P71028For my exquisite 1979 Electra, planned obsolescence did not work out so well. It was probably a grand Buick for that time, and one of the last with tail fins! It was elegant. It was big. It was steel. It was made to last ten years or 100,000 miles . . . and that was it. Seriously, as much as I enjoyed that car, it did not want go to much farther than it was designed to go. It limped along for almost 20,000 miles more, but was not happy about it, and was really tired and worn out by the time it went to Buick Heaven.

Planned obsolescence used to mean something completely different in landscaping. Yes, we all know what it means now; that many of the so called ‘sustainable’ modern cultivars last only a few years so that they need to be replaced sooner than older cultivars. What it used to mean is that fast growing plants were used to get a landscape established quickly, while more desirable but slower plants took their time growing. As the more desirable plants matured, the fast growing plants could be removed.

For example, a large condominium complex was landscaped primarily with Norway maples and flowering pears. These trees would eventually grow to be proportionate to the buildings and the spaces that they shade. To provide shade sooner, and to help the landscape look established by the second summer, common cottonwoods were incorporated into larger areas. Their placement was not as important as it was to the maples and pears, but was strategic enough to avoid the other trees and buildings as long as possible. The intention was to allow the cottonwoods to be the prominent trees in the landscape only temporarily, but to remove them as the maples and pears matured. It was a practical technique used by landscape designers for as long as anyone can remember.

Sadly, few modern ‘gardeners’ understand this concept. The cottonwoods did not get removed when they should have been. They overwhelmed and crowded the other trees, and caused them to be disfigured as they grew. The cottonwood roots broke pavement and ruined lawns. Then, after all the damage and destruction, . . . the cottonwoods died, like cottonwoods do. Now the landscape is shaded by healthy but distorted maples and pears. The plan did not work very well.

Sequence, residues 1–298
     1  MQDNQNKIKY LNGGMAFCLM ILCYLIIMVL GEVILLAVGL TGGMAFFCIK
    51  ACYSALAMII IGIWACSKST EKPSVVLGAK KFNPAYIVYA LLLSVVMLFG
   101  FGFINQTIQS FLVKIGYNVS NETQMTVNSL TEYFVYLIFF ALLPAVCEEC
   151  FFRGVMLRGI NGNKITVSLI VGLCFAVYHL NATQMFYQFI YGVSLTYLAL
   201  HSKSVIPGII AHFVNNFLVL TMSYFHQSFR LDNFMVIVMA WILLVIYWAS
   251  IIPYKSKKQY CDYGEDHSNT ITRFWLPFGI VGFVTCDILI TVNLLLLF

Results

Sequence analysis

Now, such planned obsolescence is simply impractical for trees. Even if those maintaining landscapes were reliable enough to follow through with such plans, modern tree preservation ordinances would prevent them from getting permits to remove temporary trees. Planned obsolescence can work with smaller shrubbery and perennials in home gardens, but those of us who use the technique must follow through with our plans so that things do not get too crowded.

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7 thoughts on “Planned Obsolescence

    1. Oh! That is something that my clients remind me all the time. It makes me so angry when they tell me that they will be moving in a few years, so they do not care what damage their fast growing big trees cause. They just want it to get as big as possible as fast as possible to add resale value to their home. They have no loyalty to the community because they are just here to make a buck and then move on, leaving problems for someone else. Oh my! Enough of my rant.

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      1. Well, that is another topic; but yes, to be brief, my ancestors have been here for generations, longer than anyone else, but I can not even afford to live in my hometown because of all the people who have moved here and ruined our culture and idyllic lifestyle, but do not even care about the community.

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      2. I think it is happening every where. This area was once all just beach cottages, small houses with lawn all round, but this is now a very “desirable” area. Now huge houses surrounded by a small concrete bbq area. Fortunately we bought in before the rot set in.

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  1. We have a problem in this country with people planting leylandii hedges and then letting them get overgrown, blocking out light. Also eucalyptus trees which grow enormous quite quickly. Often people intend to keep them trimmed, but if they move house the incoming residents don’t always keep up the maintenance.

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    1. Oh yes, I am familiar with that one as well. Leyland cypress are a problem here, because by the time the get big enough to function as windbreaks as they were intended to do, they die suddenly. It would not be so bad if they got planted with pines to replace them as they die out, but that technique is not longer used. We do not use Leyland cypress in refined landscapes much anymore, but I hear that the cultivars are still popular elsewhere.

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